Grand Theft Auto 3
Game Info
PS2, Xbox
Official Website
ESRB Rating
Violence, Blood, Strong Language, Suggestive Themes
The Good

• Immense living city
• Great voice acting and music
• Great as both mission-based and nonlinear
• Lots of things to do

The Bad

• Graphics are the weakest element
• Auto-aim takes getting used to


In Grand Theft Auto 3, you play an unnamed thug who, after getting sprung from a prison transport, goes to work for the local crime syndicate. The basis of the game is to work various jobs from certain higher-level members of the syndicate, all the while doing as you please in the very alive Liberty City. Social Notice: I'll go ahead and say this, just to get it out of the way - This game is not for kids or anyone who doesn't understand that it is just a game. You commit A LOT of crimes, most of which include carjacking, muggings, murder, picking up hookers, etc. There is a lot of sexual innuendo, some cursing, and some serious violence involved.

This is easily the most important (and best) part of this game. Let's be honest, this game manages to find the balance between mission-based action and nonlinear, do as you please, wandering. The missions are varied, ranging from picking up hookers and delivering them to clients to assassinations of all types. When not on a mission, you can spend time just wandering around the city, looking for hidden passages or just committing crimes of your own. Also, once you "jack" taxis, ambulances, police cars and fire trucks, you can hit the R3 button to have access to mini-jobs specific to that vehicle (like picking up fares or vigilante missions). There is so much available to do that you may not see it all the first time through.

Once you get into the game, you'll notice a high level of realistic detail present when it comes to the environment - some cars have alarms, cops will chase you down when you commit crimes in front of them or go on a killing spree, and shooting off a gun will send people running. Once your being chased, cops will use tactics depending on your "wanted" level, so don't be surprised is you're sideswiped by a cop and then gunned down after going on a sidewalk killing-spree.

The controls are a breeze to pick up. Driving is loose, but once you figure out how to use the brake and hard turn in tandem with turning, you'll be driving successfully in no time. Abiding by the traffic laws is merely a suggestion, especially since everyone else drives like my grandmother. By hitting the select button, players can change the camera to overhead, close behind the player, further behind or even cinematic (when in the car). The only real problem I had was with the faulty auto-aim for the gun, which seemed to always managed to initially target the wrong person.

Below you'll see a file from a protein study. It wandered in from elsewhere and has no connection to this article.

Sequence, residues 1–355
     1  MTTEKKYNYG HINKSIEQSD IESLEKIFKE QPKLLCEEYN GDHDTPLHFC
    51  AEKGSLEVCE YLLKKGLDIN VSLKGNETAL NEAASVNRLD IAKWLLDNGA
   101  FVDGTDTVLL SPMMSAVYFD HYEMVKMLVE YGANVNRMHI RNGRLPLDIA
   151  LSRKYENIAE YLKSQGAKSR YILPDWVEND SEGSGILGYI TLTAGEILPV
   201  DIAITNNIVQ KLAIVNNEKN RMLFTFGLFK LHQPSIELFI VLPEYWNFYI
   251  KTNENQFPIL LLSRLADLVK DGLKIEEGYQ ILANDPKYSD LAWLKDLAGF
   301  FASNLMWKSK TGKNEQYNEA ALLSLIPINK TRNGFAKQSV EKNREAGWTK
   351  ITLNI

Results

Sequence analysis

The audio for Grand Theft Auto 3 is stellar. While the sound effects are well done, they pale in comparison to the voice acting and soundtrack. This game has possibly the best voice acting that I've ever heard in a game. I guess it helps to have both a good script and excellent, professional actors (Joe Pantoliano, Robert Loggia, Michael Madsen to name a few) doing the voices. On the music front, the soundtrack is handled inventively - you select the music style you want to hear by changing the radio channel in the cars you steal. You can choose reggae, techno, modern rock, or even a hilarious talk radio station. While there are no real familiar songs or acts here, the presentation is well done.

Calling this a rough spot would be unfair. It's just that the graphics pale in comparison to the gameplay and sound categories. While the world and characters aren't built with insane amounts of polygons or overly detailed texture-mapping, they are done well enough as to not deteriorate from the fun of the game. With so many people and vehicles on the screen at any given time, I can understand the lower details. To be honest, if you're having fun in the game, you won't notice the lower-end detail and rough spots.

Grand Theft Auto 3 is an insanely deep game that offers a lot to do outside of the 70+ missions. If you understand that it's just a game and that these selfsame actions are not healthy in the real world, you'll enjoy a well-developed world disguised as a deviously fun game. I hope you've finished any other game you own, because once you start this game, you won't want to play anything else for a long time.

- - Vane

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